Qatar Islamic Bank has spent the last month watching rival lenders fall at the first hurdle. But how long can its luck last?
Qatar Islamic Bank benefits from change
Few lenders can claim to have had as much good fortune as Qatar Islamic Bank this year.
In the past month, not one but two putative challenges to its position have evaporated, leaving the country's largest Sharia-compliant lender in an enviable position. The bank's stockwas flat yesterday at 77 Qatari rials, as the QE Index fell 1.02 per cent to 8,156.60.
A planned tie-up between Al Khaliji Commercial Bank and International Bank of Qatar, now called off, would have created the third-largest bank in Qatar. That might not have been a problem for Qatar National Bank, the country's biggest lender, but the prospects for Qatar Islamic Bank (QIB) could have been different.
Meanwhile, a potential threat from HSBC Amanah, the Sharia-compliant arm of the British lending giant, is vanishing after HSBC Amanah said last month it would shut down at the end of this year.
HSBC Amanah has been operating only since last summer, but competition from a well-funded international lender with substantial links to emerging markets would have been a considerable headache for QIB.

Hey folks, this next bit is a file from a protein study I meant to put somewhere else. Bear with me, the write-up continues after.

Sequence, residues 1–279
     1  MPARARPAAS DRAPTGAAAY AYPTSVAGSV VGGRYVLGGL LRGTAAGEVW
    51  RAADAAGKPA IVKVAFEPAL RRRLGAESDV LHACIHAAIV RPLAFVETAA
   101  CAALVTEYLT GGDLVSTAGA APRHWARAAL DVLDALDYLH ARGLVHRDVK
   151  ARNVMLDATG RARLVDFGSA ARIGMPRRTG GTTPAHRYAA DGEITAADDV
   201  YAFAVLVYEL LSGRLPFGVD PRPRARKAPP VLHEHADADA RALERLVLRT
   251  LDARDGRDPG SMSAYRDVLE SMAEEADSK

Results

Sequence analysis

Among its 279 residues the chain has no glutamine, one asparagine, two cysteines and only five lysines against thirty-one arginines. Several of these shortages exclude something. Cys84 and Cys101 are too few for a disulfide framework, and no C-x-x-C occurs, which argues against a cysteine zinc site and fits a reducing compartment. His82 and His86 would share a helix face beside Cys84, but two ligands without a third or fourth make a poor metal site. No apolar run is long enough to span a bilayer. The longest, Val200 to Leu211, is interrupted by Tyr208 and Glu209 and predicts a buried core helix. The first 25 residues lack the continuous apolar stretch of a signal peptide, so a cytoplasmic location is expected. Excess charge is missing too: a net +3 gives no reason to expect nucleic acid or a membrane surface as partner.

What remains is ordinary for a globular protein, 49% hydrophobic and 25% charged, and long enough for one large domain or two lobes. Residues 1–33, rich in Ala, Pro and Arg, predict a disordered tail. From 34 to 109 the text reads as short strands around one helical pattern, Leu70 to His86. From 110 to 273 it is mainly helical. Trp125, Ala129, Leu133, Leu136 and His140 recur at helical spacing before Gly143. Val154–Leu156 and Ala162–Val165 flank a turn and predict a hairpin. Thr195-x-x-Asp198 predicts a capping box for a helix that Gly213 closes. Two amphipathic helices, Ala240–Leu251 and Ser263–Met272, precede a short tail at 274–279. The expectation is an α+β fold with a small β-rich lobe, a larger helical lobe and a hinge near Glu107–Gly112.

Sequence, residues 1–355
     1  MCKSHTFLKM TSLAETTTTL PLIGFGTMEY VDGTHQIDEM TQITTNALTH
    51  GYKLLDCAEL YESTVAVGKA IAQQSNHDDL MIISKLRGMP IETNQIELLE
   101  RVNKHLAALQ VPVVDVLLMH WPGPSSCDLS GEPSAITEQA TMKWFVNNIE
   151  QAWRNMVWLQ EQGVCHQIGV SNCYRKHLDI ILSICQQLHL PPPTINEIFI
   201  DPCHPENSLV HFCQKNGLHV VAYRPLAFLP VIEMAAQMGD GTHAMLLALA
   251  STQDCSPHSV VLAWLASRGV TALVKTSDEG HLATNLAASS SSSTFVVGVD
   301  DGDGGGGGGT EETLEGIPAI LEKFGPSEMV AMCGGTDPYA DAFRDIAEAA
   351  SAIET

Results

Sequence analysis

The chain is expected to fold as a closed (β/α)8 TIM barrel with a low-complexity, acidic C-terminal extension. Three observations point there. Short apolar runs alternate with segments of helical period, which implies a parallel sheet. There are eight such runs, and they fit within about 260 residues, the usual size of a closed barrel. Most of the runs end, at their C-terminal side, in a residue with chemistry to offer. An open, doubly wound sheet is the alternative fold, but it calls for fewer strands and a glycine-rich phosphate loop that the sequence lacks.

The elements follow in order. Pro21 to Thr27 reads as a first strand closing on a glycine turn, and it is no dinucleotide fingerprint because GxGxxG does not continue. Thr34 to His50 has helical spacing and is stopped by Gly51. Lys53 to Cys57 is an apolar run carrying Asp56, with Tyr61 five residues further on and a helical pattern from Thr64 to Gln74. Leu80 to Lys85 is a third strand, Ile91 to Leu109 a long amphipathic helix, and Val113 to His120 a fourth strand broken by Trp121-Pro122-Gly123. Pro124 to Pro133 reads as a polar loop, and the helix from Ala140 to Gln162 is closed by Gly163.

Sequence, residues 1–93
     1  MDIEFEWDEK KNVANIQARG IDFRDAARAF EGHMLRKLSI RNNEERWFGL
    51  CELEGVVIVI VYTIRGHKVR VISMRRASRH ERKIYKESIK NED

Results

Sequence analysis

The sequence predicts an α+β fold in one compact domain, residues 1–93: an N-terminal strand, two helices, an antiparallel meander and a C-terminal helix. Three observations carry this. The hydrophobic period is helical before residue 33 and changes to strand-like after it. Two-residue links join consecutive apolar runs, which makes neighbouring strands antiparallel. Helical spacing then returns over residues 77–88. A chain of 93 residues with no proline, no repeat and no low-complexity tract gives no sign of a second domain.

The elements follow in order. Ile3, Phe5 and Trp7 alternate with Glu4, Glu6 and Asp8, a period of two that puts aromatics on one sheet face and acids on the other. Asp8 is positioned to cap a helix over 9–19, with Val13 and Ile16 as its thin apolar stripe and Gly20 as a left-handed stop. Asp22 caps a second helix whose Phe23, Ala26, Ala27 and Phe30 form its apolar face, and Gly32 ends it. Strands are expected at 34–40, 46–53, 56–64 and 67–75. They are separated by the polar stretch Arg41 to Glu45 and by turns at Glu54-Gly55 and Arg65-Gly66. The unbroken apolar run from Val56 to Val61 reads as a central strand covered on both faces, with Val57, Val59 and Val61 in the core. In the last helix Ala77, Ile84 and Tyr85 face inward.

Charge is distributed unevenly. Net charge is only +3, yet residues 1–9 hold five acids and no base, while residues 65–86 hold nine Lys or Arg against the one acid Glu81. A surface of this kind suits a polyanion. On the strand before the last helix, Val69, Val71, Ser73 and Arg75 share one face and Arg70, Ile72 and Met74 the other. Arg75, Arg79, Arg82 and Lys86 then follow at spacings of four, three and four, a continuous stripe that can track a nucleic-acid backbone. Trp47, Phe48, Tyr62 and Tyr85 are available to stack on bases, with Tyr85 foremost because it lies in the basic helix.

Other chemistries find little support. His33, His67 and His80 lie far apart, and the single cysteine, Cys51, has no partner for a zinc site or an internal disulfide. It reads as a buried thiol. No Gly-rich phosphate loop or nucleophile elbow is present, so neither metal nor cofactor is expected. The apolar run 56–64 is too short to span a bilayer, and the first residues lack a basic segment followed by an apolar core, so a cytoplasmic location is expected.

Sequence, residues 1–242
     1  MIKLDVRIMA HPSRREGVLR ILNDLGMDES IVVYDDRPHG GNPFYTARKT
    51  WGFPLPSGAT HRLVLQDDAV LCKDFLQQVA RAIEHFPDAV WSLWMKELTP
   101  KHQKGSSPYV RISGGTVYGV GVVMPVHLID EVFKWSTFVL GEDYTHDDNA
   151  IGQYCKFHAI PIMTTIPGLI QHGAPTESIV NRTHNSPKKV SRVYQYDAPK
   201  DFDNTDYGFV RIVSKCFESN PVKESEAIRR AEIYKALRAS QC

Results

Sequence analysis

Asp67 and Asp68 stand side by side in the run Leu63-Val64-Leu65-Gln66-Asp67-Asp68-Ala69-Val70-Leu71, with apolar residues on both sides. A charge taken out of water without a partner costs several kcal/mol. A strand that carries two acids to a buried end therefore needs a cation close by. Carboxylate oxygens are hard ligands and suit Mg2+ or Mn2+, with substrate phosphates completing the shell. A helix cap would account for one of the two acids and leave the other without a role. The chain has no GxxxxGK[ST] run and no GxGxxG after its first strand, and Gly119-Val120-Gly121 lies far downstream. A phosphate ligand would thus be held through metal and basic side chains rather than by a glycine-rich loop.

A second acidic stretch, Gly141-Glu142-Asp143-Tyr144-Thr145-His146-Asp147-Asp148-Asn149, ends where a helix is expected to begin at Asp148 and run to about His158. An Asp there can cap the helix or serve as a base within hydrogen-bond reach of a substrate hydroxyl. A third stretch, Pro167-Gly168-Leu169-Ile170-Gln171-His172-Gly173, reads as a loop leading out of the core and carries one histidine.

The impending closure is the result of a Qatari central bank circular requiring banks to separate their Islamic and conventional lending operations.
The Islamic banking operations of other conventional banks are also barred from Qatar's market under the central bank's directive. "It's difficult to fault QIB's position," said Raj Madha, a financial analyst at Rasmala Investment Bank, although he added that Masraf Al Rayan remained a formidable competitor.
The bank would benefit from the central bank's directive "to conventional banks to close their Islamic banking activities by the end of the year", said a recent note from TAIB Securities.
But analysts at the brokerage said new central bank caps on personal loans and interest rates could harm the bank's bottom line.